What causes such trauma for pastors and their family members?

It’s not criticism.  Pastors get used to that.

It’s not having people disagree with you.  Pastors automatically factor that into their ministries.

It’s not watching people leave the church.  Pastors know that they need “blessed subtractions” from time-to-time.

No, what causes trauma is when professing Christians – especially Christian leaders – relentlessly assassinate their pastor’s character, seeking to destroy him at all costs … and the congregation lets it happen.

Why is that traumatizing?

Because pastors teach their congregations to love one another … to work out their differences … to treat each other with dignity and respect … and to realize that we’re all made in God’s image.

But when the pastor is treated like he’s a criminal … or evil … or demonic … there is nothing in his theology or his experience he can draw upon to make sense of things.

Pastors cannot fathom how Christians – including church leaders – can act like non-Christians inside God’s holy church.

When I wrote my book Church Coup, I removed the following quotations because of space, but I thought I’d share them with you now:

__________

Dr. Shelley Rambo is professor of theology at Boston University.  In her recent book, Spirit and Trauma: A Theology of Remaining, Dr. Rambo challenges Christian leaders to think about trauma survivors in a theological way.  Citing Dr. Rambo’s work, columnist Anthony Bradley explains:

A traumatic event is not like a death of a loved one or being rejected by a friend.  Instead, it involves activities that were life-threatening, either physically or in one’s perception, creating a sense of unrecognizable fear, utter helplessness, or horror.  Rambo points out that trauma is a wound that ‘remains long after a precipitating event or events are over,’ and it ‘exceeds categories of comprehension’ related to an event.  Trauma is an encounter with death that exceeds the human capacity to take in and process the external world.  In fact, because of trauma, what one knows about the world is shattered.  What is true and safe are ruptured . . . . Life is not the same anymore.  The trauma interprets life for the sufferer.[1]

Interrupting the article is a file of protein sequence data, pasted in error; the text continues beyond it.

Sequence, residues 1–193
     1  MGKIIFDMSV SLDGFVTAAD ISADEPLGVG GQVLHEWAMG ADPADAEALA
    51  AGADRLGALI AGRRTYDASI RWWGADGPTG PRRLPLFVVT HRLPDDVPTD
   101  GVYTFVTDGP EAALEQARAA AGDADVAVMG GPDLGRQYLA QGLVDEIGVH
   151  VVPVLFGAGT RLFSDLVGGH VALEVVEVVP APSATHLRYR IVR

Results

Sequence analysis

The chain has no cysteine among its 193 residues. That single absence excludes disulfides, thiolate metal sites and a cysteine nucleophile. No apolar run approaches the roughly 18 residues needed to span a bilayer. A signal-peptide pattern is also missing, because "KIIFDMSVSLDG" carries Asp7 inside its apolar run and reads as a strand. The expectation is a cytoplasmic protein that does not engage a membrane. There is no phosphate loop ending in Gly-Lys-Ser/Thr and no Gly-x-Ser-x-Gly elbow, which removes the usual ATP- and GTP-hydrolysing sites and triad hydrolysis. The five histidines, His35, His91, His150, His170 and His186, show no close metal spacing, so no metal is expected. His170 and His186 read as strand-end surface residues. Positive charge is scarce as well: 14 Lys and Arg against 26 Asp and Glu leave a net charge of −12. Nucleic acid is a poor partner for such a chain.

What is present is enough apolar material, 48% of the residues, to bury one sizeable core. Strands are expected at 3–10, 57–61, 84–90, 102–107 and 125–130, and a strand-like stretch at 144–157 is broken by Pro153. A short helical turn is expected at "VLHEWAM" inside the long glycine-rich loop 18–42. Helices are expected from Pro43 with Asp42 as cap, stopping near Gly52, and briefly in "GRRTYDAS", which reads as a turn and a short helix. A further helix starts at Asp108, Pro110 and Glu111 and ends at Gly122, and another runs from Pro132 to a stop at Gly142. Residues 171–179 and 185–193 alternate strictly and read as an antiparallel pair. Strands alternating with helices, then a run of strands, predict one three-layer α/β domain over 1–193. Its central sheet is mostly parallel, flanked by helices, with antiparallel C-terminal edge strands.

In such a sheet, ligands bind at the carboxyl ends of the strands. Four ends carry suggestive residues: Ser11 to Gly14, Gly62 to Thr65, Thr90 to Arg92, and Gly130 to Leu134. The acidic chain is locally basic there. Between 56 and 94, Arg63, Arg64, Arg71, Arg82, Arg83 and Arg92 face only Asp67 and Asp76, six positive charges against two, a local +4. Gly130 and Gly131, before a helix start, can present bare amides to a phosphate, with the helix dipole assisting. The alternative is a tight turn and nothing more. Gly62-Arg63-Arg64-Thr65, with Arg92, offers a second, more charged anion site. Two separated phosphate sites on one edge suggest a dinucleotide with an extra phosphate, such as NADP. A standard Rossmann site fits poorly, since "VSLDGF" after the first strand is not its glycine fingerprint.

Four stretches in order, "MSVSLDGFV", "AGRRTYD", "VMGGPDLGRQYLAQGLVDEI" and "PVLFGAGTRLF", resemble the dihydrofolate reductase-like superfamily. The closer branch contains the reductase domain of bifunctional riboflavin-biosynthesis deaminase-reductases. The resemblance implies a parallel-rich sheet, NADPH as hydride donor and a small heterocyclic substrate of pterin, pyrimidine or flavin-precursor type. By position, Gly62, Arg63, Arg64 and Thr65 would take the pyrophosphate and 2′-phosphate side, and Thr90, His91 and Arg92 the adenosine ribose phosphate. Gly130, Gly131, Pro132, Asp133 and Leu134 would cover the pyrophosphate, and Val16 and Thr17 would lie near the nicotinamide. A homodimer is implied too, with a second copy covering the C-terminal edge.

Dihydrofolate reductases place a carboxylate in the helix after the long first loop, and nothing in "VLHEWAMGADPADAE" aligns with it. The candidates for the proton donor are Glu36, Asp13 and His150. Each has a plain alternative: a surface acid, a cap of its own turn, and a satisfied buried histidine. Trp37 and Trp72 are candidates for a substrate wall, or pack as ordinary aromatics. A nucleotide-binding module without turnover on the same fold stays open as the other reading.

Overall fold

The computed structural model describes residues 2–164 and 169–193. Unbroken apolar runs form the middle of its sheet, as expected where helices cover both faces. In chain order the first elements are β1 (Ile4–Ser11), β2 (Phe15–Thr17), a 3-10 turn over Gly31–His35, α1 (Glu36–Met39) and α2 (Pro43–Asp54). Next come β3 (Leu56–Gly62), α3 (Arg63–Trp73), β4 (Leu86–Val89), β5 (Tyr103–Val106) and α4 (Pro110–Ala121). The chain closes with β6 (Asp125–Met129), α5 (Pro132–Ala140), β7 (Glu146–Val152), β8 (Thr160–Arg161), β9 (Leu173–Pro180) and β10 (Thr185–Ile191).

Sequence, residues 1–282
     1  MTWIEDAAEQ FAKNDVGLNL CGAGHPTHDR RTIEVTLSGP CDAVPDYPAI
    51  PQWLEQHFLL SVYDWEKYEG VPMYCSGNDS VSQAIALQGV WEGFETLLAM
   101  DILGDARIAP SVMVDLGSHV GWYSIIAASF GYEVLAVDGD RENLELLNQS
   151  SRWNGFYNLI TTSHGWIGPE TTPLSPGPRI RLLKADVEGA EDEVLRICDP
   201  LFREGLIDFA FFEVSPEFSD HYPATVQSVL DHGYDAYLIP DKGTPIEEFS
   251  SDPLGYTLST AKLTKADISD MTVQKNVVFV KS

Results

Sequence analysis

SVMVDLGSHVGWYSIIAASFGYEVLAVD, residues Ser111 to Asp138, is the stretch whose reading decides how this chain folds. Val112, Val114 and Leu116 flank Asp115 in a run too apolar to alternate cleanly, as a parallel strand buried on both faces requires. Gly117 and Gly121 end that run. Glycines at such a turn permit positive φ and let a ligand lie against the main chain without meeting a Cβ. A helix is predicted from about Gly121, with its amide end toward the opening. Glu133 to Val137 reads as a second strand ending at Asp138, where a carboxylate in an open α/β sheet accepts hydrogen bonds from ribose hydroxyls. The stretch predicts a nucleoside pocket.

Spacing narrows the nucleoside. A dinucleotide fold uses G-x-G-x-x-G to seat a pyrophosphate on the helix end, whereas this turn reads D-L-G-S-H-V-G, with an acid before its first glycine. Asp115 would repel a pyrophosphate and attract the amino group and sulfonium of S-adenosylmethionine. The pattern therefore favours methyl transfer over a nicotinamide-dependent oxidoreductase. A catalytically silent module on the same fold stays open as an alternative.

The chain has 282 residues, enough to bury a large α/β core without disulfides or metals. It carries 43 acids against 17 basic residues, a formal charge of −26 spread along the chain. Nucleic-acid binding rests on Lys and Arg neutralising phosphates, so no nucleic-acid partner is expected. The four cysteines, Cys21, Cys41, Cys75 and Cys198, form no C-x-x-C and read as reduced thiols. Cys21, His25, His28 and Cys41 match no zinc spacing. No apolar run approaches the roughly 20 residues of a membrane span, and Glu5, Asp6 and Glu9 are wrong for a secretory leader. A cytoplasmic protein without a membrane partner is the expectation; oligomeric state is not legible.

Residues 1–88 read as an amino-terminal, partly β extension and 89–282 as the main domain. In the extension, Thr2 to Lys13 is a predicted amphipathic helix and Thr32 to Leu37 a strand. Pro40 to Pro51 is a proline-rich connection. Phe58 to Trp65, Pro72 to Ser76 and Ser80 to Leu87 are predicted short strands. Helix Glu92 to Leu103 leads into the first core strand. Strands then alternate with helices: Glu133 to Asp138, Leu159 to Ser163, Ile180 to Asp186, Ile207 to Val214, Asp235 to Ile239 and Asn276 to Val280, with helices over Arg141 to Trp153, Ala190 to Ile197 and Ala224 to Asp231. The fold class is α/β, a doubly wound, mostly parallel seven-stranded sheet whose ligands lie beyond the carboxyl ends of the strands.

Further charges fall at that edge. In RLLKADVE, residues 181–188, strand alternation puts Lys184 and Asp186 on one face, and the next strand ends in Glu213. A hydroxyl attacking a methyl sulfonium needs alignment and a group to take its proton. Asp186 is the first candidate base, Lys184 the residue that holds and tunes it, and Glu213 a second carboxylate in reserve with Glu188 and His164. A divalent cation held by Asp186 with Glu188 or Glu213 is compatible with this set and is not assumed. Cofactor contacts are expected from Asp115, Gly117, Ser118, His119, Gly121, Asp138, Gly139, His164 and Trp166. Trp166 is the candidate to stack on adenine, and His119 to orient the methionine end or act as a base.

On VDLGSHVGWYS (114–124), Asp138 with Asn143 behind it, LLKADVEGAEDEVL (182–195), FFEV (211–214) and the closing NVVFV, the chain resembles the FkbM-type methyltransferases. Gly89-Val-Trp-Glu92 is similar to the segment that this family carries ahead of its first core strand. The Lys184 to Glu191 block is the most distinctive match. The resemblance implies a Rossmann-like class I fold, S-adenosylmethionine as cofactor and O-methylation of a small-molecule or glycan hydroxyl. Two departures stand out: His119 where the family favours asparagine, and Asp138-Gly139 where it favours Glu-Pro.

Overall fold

__________

Did you catch that?  “What one knows about the world is shattered … the trauma interprets life for the sufferer.”

I know pastors who were forced out of their churches who experience similar trauma nearly every day.  They ask me, “When will my suffering end?  When will I be whole enough to serve God again?”

__________

Bradley continues:

Surviving post-trauma is a life of navigating one’s way through a minefield of triggers that remind the sufferer of the traumatic event or events.  Triggers can lead to random bouts of sobbing, irregular and disturbed sleep patterns, outbursts of anger, depression, anxiety, loss of hope, loss of interest in things once loved, thoughts of suicide, self-medicating with drugs or alcohol, as well as running away from thoughts, conversations, people, places that might arouse traumatic memory.  Because trauma survivors re-experience the event in ways outside of one’s control, healing is not a matter of believing the right things about God.  Or getting the gospel right.  Time does not heal traumatic wounds.  Traumatic memory is something only God can heal.  The Holy Spirit must empower trauma sufferers to re-imagine their future . . . . Those limping around in life after experiencing trauma need people who love them enough to realize that they may never ‘get over it’ and that their on-going struggle does not represent weak faith.[2]